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How does paid search spending vary across your industry?

One question we have gotten from our retail clients for years at The Search Monitor is: “How does my ad spend on SEM compare to the average for my retail category, and to other retail categories?” Yes, there is a lot of free data out there that has attempted to answer this question. But it’s free for a reason. It just isn’t precise. If a search marketer wanted the good stuff, the top-shelf accurate data that leads to smart business decisions, it usually required a significant amount of work to find and assemble the data. Then, the question was always: “Can I really trust this?”

The Search Monitor came a long way in addressing the issue of inaccurate SEM data this year when we partnered with comScore and gained full access to their amazingly rich database of online measurement data.

The Search Monitor crawls the web regularly and knows what advertisers are running on search engines, where the ads run, how often and when they run, and lots of other helpful data. But comScore provided the post-click perspective that added the color commentary that our clients desperately need to make smarter decisions.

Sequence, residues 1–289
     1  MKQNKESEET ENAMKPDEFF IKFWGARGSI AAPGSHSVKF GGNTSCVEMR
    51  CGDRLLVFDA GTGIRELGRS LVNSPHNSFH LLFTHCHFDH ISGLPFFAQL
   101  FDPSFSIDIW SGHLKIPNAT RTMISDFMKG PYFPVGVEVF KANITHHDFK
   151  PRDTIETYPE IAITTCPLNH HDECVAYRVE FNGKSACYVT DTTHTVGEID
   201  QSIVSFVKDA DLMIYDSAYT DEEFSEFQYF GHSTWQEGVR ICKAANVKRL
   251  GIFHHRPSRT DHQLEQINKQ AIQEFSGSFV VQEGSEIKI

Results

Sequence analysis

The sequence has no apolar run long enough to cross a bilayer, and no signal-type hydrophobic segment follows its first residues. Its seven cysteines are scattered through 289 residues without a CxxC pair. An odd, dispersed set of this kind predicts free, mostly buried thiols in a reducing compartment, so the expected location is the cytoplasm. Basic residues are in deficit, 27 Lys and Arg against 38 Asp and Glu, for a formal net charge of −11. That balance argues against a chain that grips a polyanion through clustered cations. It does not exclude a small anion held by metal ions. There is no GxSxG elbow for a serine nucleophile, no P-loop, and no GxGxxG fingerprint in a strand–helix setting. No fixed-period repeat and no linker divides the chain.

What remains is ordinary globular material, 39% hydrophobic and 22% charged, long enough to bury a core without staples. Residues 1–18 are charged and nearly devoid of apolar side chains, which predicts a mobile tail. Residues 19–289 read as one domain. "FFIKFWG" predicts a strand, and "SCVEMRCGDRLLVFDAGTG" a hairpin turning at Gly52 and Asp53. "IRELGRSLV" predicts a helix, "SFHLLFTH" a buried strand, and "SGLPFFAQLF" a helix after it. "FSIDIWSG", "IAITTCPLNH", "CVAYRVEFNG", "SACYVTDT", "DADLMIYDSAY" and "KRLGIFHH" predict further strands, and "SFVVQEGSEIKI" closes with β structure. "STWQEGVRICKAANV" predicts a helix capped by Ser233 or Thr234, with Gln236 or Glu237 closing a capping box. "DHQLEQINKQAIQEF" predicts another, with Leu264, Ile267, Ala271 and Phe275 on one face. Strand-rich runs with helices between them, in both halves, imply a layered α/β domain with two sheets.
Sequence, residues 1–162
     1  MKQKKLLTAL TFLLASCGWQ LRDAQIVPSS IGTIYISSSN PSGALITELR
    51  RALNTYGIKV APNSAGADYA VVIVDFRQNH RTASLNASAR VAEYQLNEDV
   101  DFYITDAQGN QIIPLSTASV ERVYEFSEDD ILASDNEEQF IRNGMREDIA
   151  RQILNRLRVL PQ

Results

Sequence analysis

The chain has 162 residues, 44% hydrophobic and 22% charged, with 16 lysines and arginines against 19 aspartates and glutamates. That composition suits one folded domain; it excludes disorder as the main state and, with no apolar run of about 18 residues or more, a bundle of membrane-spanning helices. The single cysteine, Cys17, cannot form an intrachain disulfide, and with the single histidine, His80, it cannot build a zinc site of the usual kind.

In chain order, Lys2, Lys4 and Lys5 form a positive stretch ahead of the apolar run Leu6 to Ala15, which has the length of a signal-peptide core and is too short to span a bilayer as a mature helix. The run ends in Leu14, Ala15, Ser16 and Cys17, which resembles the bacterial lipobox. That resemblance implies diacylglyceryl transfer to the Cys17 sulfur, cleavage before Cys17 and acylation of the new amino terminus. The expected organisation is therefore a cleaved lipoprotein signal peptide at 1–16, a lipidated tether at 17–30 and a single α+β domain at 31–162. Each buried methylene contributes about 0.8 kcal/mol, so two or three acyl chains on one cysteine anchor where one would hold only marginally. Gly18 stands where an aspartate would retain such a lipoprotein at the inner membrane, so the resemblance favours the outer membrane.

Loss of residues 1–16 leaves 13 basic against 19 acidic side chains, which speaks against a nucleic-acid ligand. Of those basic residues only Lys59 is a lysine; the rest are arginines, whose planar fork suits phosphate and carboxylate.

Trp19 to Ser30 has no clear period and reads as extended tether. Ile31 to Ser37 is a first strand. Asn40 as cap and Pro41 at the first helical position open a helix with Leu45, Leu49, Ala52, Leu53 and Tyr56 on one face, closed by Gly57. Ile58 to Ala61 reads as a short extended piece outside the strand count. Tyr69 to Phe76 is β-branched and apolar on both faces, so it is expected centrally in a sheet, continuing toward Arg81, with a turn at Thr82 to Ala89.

The comScore data set is deep (lots of history), broad (lots of categories), varied (lots of different metrics), and incredibly precise and reliable (it comes from a large trust-worthy data set).

So now, onto the question at hand. We wanted to find out how ad spend differed by retailer. We used Lighthouse (which is the name of our product combining data from us and comScore) to assemble categories for the 17 major retail categories. For these categories, we pulled one very interesting stat: average SEM advertising spend. The data was from July 2013, the most recent month of data in our system.

The findings are below:


We didn’t expect things like:

  • There to be such a difference across the categories
  • Such high spend in the Household Products category
  • Electronics to be only in the middle of the chart

While our team was surprised with how the ad spending is distributed among retail verticals, we’d be curious to see how other search marketing experts interpret this data. What do you think are the implications for search marketers in these different retail verticals? What other ways could this data be sliced and diced to learn even more?

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